FTSE 100 falls but Wetherspoon boosted by profits rise

In the year to 30 July, profits before exceptional items rose 27.6% to £102.8m with total sales up 4.1% to £1.66bn.

Like-for-like sales – which strip out the impact of pub openings and closures – rose 4%, and are up 6.1% since the start of August.

However, Wetherspoon chairman Tim Martin said the recent pace of sales growth would not continue.

“Comparisons will become more stretching – and sales, which were very strong in the summer holidays, are likely to return to more modest levels,” he said.

Wetherspoon was the biggest riser on the FTSE 250, although the index was down 0.84% or 164.60 points at 19,359.34 by the close.

The benchmark FTSE 100 index ended the week down 84.49 points, or 1.16%, to 7,210.90 on the day, as shares were hit by the continued rise in the value of the pound.

Shares often fall when sterling rises, as the stronger currency cuts the value of companies’ overseas earnings when they are brought back to the UK and converted back into pounds.

Sterling rose above $1.36 at one point to its highest level since the Brexit vote after Bank of England official Gertjan Vlieghe fuelled speculation that UK interest rates could rise in the coming months.

The pound had slipped back slightly to $1.3585, while against the euro it was up by more than 1% at 1.1353 euros.

FTSE 100 sinks as pound jumps on Bank comments

The Monetary Policy Committee (MPC) kept UK rates unchanged at 0.25% after its latest meeting, as expected.

But the pound jumped by more than a cent and a half against the dollar to $1.3391 as markets digested the minutes of the MPC’s meeting.

The FTSE 100 share index fell 84.31 points to 7,295.39.

The FTSE often falls when the pound rises, as the stronger currency cuts the value of companies’ overseas earnings when they are brought back to the UK.

“The prospect of a November rate hike is now a real possibility, in our view,” said Kathleen Brooks, research director at City Index.

As well as surging against the dollar, the pound also jumped against the euro, rising by about one and half euro cents to 1.1269 euros.
Next shares jump

On the stock market, shares in Morrisons were one of the biggest fallers in the FTSE 100, down 5.1%, even though its latest results indicated that the recent revival at the UK’s fourth largest supermarket was continuing.

Like-for-like sales climbed 3% in the six months to 30 July, while underlying profit rose almost 13% to £177m.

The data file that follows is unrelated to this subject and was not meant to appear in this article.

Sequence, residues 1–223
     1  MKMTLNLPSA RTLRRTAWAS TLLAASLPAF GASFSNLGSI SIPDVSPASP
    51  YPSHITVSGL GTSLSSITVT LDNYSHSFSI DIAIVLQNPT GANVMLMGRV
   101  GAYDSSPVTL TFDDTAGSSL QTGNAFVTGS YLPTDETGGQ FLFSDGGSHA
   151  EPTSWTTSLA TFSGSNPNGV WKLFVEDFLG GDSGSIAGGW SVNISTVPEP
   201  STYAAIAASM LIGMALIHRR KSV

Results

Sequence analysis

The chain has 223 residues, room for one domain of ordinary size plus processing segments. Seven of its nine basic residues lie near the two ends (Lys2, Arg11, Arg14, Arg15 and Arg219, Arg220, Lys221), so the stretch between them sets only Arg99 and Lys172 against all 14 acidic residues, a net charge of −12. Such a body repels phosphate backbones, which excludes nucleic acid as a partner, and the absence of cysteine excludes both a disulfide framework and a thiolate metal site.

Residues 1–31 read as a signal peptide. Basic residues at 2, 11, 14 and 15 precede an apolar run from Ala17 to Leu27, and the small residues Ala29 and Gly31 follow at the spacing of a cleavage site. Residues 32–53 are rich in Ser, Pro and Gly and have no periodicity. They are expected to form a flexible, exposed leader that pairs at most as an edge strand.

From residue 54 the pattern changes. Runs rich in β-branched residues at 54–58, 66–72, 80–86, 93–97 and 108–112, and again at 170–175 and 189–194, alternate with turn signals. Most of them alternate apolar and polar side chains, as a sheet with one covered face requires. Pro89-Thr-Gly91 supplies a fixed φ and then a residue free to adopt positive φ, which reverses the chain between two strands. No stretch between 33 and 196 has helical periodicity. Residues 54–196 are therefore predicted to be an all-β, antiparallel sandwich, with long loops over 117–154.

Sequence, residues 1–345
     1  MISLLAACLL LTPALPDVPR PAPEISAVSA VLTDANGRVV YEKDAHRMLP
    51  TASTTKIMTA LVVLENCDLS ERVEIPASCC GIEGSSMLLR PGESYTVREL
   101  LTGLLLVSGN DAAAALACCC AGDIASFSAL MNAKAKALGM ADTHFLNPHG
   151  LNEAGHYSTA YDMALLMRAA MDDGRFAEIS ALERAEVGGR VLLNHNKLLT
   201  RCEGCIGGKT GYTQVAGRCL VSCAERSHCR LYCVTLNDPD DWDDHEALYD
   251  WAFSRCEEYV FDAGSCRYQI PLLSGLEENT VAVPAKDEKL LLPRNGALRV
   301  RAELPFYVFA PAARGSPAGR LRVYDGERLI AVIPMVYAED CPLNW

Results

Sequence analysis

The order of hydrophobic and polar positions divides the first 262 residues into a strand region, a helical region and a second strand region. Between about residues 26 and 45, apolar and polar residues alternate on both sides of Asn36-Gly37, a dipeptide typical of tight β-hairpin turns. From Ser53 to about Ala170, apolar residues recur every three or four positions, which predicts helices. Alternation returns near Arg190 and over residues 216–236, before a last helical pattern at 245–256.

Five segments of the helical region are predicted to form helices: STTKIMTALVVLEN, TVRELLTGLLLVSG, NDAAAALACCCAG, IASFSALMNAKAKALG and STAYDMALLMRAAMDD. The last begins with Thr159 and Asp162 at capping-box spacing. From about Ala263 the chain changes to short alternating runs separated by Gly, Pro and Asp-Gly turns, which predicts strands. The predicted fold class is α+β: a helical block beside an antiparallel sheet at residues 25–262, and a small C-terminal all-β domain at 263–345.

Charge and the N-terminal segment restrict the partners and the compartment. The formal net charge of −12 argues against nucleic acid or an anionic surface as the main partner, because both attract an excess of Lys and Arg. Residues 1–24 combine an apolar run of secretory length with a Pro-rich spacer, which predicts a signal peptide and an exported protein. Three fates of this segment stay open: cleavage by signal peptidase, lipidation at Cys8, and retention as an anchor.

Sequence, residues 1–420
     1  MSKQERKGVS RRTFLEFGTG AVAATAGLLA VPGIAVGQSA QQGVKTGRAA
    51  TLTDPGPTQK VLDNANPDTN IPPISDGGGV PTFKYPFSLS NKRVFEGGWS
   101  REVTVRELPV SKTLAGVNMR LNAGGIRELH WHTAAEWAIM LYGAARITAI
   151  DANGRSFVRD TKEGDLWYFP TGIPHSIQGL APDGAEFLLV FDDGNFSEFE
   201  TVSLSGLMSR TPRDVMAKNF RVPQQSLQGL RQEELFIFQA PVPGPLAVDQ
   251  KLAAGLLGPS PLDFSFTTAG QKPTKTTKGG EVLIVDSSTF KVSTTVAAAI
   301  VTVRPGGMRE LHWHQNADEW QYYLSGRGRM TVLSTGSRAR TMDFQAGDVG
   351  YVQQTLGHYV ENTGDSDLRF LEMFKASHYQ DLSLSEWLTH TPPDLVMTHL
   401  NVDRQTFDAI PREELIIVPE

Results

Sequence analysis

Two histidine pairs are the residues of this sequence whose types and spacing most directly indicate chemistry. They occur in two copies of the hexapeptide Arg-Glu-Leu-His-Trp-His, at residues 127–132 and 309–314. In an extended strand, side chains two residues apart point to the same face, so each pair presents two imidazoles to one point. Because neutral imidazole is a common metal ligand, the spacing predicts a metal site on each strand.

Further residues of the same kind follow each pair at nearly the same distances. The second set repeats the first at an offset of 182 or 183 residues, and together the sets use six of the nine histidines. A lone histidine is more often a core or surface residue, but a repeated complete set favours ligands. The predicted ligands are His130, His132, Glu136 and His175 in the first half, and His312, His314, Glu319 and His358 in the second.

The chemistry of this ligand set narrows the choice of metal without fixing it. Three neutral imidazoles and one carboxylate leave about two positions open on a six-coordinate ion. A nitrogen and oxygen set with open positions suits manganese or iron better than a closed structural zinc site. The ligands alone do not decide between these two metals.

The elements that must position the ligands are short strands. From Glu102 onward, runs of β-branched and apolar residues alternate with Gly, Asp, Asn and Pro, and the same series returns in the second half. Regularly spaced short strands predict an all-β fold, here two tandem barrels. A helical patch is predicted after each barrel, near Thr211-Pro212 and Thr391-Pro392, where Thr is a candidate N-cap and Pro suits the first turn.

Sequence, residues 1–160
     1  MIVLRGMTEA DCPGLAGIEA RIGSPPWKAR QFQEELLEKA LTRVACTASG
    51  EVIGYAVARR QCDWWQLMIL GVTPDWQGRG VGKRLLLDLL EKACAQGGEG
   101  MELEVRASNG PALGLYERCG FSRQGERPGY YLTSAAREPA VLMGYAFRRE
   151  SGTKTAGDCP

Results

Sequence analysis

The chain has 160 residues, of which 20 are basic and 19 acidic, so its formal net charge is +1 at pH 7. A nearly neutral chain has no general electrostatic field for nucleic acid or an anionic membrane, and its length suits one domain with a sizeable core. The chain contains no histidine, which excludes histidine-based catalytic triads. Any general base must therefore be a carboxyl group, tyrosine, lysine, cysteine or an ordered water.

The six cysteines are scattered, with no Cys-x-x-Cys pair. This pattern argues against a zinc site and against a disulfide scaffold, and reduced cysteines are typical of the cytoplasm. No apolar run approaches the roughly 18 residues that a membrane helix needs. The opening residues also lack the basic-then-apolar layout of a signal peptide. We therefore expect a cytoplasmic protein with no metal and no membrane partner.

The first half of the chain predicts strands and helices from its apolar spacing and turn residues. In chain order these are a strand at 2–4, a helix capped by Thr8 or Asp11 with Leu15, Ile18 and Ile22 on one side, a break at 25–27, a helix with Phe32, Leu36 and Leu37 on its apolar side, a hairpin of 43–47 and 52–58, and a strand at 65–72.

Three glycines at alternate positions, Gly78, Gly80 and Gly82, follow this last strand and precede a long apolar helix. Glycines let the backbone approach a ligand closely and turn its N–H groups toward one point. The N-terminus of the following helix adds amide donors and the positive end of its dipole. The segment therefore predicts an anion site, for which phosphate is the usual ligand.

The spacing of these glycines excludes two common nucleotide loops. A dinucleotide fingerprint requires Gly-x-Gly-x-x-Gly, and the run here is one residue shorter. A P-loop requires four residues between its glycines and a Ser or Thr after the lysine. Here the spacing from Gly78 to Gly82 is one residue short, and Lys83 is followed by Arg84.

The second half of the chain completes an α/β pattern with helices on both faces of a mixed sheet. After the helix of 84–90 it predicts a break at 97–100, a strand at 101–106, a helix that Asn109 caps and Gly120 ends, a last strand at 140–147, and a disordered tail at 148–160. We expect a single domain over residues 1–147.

But shares in Next jumped 13% after the High Street fashion chain raised its full-year sales and profit outlook thanks to “encouraging” trading in the past three months. The news overshadowed a near 10% drop in half-year profit.

In the FTSE 250, shares in Spire Healthcare sank 18.6% after its half-year profits were hit by the legal settlement to compensate victims of rogue breast surgeon Ian Paterson.

On Wednesday, the company said it had agreed to pay £27.2m into a £37m fund for the victims. The payment contributed to a 75% drop in in Spire’s half-year profits to £8.9m.

Sterling slips against dollar on weak pay data

The pound fell 0.5% against the dollar to $1.3212, as traders bet against the chance of interest rate rise when policymakers meet on Thursday.

However, it rose 1% against the euro to 1.1110 euros.

The FTSE 100 was also down, slipping 21 points, or 0.28%, to 7,379.7. The FTSE 250 fell 0.4% to 19,590.

Analysts said currency traders appeared cautious after the publication of latest unemployment and wages data.

The Bank of England’s Monetary Policy Committee will announce its decision on Thursday, with some economists having predicted that more policy makers could vote for a hike.

However, Ed Monk, of fund manager Fidelity International, said: “Lagging wages makes it more likely the Bank of England will look through rising inflation when it decides on interest rates.

“Prices are rising above target, which creates the case for raising rates, but today’s wage data suggests all is still not right in the economy.”
Shares slip

On the share markets, lender Provident Financial, which made a management change last month, was the main FTSE 100 gainer, rising 1.32%

Miners were hit as the price of copper slipped, with Glencore and Anglo American each falling by more than 1%.

Tesco fell 2.3% after broker Exane cut its rating on the stock to “underperform”.

Outside the top flight, Dunelm was the biggest gainer among the FTSE 250 mid-caps. The retailer’s shares jumped 8% despite posting a fall in profits and warning about “challenging” trading conditions.